… and a politically feasible goal.
Now we come to the core of our question. Can we do it? And what is the best way for trying?
I see here the following arguments. First, convergence and harmonization of nationality acquisition legislation appears to be a far too ambitious project. For the time being, the only achievement regarding harmonization of procedures of acquisition and loss is the European Convention on Nationality of the Council of Europe, which was the first time that an international treaty attempted to indicate on which grounds for acquisition and loss of nationality are acceptable. Yet, as we know nationality is sealed at the heart of sovereignty. This makes it unlikely that nationality acquisition within European legislations could be harmonized in the foreseeable future. It is worth formulating the objective, but we need to be reasonably modest as far as our expectations are concerned. Nationality legislation at the Member State level is by definition heterogeneous –due to the plural histories of nation building on the Old Continent– and therefore difficult to touch.
we should bear in mind that nationality acquisition harmonization today in the
EU could be a risky project since it might easily lead to a backlash of
restrictive options. Harmonization of national citizenship legislations is not
an objective per se. It is a means
which serves the political objective we put forward for the kind of polity we
want to see. If the objective is to harmonize national legislations to a common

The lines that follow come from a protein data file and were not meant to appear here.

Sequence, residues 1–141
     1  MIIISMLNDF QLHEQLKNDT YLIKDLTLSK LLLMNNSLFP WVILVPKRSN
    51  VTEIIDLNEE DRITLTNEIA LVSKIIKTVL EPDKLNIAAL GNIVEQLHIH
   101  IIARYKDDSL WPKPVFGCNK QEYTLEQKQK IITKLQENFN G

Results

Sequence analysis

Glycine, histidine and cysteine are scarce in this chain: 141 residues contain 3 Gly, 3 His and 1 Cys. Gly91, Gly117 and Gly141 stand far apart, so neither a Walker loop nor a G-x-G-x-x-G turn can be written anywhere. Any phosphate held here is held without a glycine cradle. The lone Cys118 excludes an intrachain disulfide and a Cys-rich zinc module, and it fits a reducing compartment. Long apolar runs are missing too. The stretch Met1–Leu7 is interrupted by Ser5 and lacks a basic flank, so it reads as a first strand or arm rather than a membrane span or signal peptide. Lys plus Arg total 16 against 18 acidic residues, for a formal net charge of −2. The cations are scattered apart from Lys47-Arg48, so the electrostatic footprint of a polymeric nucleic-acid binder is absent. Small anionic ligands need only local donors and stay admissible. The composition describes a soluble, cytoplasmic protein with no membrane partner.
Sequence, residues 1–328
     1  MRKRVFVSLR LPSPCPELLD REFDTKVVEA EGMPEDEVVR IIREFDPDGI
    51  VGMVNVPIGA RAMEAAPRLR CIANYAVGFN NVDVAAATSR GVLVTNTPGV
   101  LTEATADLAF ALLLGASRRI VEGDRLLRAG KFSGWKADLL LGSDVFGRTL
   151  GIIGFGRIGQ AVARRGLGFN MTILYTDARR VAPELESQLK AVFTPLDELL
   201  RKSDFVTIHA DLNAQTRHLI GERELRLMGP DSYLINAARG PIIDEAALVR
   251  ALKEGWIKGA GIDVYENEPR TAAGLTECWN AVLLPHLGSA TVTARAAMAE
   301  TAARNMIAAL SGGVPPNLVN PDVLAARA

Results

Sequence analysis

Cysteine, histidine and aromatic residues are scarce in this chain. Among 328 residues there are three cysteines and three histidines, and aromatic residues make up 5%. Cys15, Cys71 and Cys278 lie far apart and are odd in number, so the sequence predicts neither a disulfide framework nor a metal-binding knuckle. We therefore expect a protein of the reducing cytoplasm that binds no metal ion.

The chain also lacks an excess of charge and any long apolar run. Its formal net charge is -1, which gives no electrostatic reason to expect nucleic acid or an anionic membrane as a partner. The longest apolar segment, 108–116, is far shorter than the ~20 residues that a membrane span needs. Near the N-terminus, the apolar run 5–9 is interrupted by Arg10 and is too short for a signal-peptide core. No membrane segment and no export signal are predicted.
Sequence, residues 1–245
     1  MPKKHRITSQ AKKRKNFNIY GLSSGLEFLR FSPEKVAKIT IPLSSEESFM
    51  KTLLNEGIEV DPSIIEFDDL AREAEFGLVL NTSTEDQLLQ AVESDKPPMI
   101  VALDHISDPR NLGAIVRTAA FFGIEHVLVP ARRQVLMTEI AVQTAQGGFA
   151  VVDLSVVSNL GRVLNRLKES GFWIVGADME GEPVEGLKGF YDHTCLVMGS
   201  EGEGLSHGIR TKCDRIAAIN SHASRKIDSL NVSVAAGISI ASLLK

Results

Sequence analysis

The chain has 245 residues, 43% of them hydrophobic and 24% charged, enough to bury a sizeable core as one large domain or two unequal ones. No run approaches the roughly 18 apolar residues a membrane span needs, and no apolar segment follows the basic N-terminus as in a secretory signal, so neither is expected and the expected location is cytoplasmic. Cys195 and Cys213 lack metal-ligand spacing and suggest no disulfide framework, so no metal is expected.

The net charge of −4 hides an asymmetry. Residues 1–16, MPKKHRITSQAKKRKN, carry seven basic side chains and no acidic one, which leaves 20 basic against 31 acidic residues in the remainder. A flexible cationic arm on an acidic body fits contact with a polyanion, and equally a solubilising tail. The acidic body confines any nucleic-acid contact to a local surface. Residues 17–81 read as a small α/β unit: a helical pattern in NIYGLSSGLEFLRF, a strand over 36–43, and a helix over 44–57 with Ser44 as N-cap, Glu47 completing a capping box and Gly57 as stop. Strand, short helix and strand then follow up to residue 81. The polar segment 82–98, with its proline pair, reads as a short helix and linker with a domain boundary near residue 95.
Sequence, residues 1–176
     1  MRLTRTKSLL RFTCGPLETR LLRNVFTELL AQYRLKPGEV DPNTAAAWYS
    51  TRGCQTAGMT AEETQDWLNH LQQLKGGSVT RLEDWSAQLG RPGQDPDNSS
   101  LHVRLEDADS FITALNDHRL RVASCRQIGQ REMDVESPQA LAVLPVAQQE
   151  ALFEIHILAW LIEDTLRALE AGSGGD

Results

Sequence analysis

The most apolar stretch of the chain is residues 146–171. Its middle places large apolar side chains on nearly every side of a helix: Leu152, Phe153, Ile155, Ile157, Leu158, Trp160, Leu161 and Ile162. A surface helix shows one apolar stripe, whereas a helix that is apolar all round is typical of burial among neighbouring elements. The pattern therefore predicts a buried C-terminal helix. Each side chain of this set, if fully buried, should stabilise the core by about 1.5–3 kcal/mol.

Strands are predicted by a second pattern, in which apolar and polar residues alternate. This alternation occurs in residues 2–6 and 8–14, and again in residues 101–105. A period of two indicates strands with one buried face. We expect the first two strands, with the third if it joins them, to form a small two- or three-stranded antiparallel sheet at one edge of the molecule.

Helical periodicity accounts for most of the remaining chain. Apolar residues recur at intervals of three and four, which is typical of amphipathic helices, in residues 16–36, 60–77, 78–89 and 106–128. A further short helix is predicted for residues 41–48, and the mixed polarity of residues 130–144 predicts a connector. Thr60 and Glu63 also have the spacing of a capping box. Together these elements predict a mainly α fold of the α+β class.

denominator which would reflect the wishes of the Italian, Hungarian, or Polish
–and who knows which other– governments in the future, my answer is “no thank
argument one could put forward is that by introducing a Union citizenship,
which would result in increasing the political rights of voting for the
European Parliament, one contributes to the strengthening of the European idea.
Strengthening the EP adds value to a democratic supranational institution in a
period where the EU is struggling in terms of moral identification by
Europeans. In practice, such an idea could easily come as a EP resolution which
could concentrate the consensus of at least four political groups in the
European Parliament after the June 2019 elections: the Socialists, the
Liberals, the Greens and the United Left.
What are we
challenging then? State autonomy in matters of nationality, in particular
within the European Union, is slowly questioned, yet far from eroding, or even
weakening. There is, therefore, no movement towards a droit de la nationalité européenne. From this perspective, I see
grounds for advocating for a EU Directive on Citizenship: it needs prudence,
patience and attention, but it is worth giving a try.